Free to try, pay when you publish

“We want to get this software in the hands of authors,” said West. “So we made Vellum free top download.” Currently the software is available only for Mac OS X 10.8 or later (including Mac OS X 10.9 Mavericks).

Authors pay nothing to download Vellum, import a manuscript, explore the typography and layout options, and preview their ebooks. When an author is satisfied with the layout and is ready to generate an actual ebook, they’re charged a $49.99 in-app purchase. The ebooks that are generated can be distributed to early readers. Or, the author can immediately start selling it on Amazon, Nook, and the Apple iBookstore.

As long as the book title, subtitle, and author remain the same, authors can make changes to that ebook at no extra cost, which is handy if they discover typos or receive feedback from early readers.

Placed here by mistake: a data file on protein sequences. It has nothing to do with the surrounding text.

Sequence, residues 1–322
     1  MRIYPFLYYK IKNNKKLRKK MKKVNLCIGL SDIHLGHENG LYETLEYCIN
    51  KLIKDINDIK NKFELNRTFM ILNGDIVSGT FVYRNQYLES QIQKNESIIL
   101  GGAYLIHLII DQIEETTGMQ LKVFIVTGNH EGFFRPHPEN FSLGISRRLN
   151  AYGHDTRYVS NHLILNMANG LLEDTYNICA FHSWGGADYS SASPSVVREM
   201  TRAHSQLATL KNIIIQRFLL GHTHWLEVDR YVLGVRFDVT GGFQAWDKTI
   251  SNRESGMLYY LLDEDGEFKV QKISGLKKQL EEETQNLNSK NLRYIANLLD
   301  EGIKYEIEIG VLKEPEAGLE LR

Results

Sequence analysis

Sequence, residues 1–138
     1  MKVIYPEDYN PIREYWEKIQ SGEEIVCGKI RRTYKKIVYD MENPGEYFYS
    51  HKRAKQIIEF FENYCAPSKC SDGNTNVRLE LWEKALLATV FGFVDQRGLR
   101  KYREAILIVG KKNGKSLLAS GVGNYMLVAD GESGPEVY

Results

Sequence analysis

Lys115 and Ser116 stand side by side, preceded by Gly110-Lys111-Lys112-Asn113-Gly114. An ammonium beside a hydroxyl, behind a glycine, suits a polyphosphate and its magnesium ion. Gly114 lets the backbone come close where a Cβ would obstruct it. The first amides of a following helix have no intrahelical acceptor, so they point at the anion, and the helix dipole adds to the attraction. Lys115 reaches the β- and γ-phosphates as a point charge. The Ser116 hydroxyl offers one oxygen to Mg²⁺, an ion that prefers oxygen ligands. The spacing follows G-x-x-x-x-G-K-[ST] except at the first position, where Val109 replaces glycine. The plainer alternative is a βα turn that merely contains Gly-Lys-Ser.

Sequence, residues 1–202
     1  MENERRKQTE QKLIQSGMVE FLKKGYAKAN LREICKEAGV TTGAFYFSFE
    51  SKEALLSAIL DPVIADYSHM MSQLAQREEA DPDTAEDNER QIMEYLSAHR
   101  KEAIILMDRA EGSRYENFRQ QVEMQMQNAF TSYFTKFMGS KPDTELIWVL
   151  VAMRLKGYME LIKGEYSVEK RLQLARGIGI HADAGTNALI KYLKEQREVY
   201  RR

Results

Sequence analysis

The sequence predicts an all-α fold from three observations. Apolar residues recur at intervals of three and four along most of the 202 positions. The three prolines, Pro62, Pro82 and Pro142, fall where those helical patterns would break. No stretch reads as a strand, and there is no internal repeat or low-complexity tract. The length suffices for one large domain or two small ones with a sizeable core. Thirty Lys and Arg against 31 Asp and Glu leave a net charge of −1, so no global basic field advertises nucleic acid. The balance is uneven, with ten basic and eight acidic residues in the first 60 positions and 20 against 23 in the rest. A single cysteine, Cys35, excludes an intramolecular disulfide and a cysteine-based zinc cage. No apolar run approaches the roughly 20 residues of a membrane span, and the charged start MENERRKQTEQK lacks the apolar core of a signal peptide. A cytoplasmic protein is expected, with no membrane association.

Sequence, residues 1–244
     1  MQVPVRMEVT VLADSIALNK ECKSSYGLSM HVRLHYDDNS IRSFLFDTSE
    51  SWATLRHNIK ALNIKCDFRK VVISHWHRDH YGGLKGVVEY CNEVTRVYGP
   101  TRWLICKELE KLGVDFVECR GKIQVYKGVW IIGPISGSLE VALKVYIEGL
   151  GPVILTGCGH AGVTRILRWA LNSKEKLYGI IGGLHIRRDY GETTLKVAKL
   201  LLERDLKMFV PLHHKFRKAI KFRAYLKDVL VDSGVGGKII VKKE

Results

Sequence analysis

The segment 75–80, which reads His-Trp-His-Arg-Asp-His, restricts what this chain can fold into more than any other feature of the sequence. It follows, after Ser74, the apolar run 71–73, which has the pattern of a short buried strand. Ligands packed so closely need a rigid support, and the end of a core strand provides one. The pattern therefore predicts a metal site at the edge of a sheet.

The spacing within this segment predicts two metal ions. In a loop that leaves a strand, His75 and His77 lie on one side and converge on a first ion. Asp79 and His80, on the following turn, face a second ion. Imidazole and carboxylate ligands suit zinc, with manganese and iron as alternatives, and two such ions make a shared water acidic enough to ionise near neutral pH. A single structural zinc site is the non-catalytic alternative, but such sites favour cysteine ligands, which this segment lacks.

Vellum lets you preview your ebook on ereader devices.

Vellum lets you preview your ebook on ereader devices.

Authors interested in publishing multiple titles can purchase bundles of three or five books for $99.99 or $149.99 respectively.

Vellum’s creators are “Good at the nerdy stuff”

“Authors and small publishers have been confused and frustrated by the complicated process of creating eBooks,” said West. “We know authors are good at their craft. We’re good at the nerdy stuff. Authors can use our tool to create something they can be proud of.”

9 thoughts on “Vellum Simplifies Ebook Conversion So Authors Can Focus On Their Craft